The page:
Much in the same fashion as Three Psalms for String Orchestra, on this release, David Chesky takes the listener on a dramatic, orchestral journey. This time David focused on the tragic and dehumanizing effects of ethnic hatred that enables people to kill en masse, as seen in the Jewish Holocaust and others since. David creates a powerful and emotional message by taking the listener through three unique phases of human suffering: "Sorrow", "Aftermath", and "Rage and Despair" to ultimately show that holocausts will continue to occur until our innate ability to empathize with our fellow human beings is realized.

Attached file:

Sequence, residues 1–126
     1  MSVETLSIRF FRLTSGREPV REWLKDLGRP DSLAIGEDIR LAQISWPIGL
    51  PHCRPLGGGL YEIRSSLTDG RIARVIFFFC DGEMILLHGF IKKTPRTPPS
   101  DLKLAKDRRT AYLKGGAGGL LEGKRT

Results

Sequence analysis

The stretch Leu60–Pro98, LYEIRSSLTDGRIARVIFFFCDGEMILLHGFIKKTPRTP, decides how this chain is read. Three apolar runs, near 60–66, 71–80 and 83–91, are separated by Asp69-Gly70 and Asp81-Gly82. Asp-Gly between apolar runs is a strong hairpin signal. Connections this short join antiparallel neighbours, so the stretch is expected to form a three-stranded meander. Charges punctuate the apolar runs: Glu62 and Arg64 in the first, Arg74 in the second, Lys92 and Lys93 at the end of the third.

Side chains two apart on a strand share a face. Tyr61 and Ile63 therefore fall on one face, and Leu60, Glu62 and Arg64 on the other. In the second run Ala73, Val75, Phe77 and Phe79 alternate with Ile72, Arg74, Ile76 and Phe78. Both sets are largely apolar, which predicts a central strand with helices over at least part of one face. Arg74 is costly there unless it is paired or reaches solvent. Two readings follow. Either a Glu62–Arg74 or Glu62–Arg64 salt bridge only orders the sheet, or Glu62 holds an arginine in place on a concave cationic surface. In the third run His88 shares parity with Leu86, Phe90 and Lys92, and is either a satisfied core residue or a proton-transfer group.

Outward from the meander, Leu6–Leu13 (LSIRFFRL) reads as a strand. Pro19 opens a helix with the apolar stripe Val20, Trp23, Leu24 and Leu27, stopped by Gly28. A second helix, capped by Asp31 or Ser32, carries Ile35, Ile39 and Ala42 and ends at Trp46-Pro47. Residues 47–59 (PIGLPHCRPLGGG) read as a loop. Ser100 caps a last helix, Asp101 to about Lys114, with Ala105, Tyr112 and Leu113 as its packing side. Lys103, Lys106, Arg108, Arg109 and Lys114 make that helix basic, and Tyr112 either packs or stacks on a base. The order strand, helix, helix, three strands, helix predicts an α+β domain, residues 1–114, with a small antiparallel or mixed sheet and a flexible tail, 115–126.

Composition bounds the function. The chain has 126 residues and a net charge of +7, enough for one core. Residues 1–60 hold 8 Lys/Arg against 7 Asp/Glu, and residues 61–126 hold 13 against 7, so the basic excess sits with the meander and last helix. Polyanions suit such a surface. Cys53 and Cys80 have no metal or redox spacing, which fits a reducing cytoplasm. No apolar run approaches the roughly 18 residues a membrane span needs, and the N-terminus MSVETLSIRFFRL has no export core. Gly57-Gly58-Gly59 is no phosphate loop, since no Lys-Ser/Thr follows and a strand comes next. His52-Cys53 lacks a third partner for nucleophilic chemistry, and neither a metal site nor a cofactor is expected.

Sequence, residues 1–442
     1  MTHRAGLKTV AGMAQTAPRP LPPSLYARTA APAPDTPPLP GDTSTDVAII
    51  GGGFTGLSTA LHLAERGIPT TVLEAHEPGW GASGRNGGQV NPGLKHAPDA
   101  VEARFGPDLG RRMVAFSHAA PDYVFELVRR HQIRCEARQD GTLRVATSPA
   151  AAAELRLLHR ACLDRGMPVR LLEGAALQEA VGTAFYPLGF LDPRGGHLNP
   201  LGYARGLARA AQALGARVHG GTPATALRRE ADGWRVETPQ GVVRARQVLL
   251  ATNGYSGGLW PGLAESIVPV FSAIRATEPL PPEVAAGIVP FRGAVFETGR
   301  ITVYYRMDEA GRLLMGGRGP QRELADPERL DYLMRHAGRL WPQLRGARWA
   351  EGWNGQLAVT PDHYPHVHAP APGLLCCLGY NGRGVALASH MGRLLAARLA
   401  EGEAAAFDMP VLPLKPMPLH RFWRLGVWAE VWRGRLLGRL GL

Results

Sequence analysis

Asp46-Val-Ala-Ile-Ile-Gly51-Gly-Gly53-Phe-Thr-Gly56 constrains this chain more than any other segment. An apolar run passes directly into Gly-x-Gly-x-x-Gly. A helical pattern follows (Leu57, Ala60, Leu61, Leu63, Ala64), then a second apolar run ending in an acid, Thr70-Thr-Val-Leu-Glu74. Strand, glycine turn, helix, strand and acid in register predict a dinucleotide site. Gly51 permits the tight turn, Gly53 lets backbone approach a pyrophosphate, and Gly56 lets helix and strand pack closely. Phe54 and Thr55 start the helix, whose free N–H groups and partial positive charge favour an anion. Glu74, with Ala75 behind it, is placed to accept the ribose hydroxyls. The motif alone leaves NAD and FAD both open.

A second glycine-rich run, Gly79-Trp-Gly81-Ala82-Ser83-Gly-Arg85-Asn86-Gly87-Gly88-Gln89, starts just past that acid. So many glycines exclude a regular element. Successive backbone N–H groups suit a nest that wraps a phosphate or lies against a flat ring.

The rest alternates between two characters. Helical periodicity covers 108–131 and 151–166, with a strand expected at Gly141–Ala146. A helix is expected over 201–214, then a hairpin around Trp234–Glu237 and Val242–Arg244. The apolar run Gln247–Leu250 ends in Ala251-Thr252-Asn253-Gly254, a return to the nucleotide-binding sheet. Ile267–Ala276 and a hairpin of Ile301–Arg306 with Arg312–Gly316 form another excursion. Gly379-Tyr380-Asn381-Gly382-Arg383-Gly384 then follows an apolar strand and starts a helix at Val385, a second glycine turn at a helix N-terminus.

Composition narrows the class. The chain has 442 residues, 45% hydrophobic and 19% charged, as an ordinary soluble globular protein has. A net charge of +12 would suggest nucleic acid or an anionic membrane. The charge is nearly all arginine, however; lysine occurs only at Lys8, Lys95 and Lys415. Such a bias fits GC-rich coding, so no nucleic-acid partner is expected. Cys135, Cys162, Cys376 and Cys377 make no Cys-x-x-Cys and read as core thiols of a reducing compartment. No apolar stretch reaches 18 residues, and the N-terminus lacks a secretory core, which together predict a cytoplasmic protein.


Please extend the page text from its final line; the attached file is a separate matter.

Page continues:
The 40 tracks compiled on this two-disc set represent the entire span of pianist and singer Leroy Carr's recording career that spanned a brief seven years, from 1928-1935. The material represented here – all but one of these tracks were recorded for the Vocalion label – features accompaniment by guitarist Scrapper Blackwell on all but one selection, and Josh White on a handful as well. Carr's material here ranges from the classic piano blues of the era that spawned Ma Rainey and Bessie Smith to vaudeville and hokum tunes made popular by artists like Tampa Red and Georgia Tom. Carr's voice is the haunting thing here; it's higher and very clear, sweet almost, as evidenced by most of these sides. But there was an edge, too; one that belied a kind of pathos underneath even the most cheery material – check "Mean Mistreater Blues" or "Bread Baker." But the darker material such as "Suicide Blues" (one of six previously unissued performances), "Straight Alky Blues," or "Shinin' Pistol," is strange and eerie given Carr's smooth approach. Carr may not be the most well-known bluesman of the era, but his contribution is profound and lasting. This collection puts to shame almost all others with the exception of the multi-volume complete recordings on Document.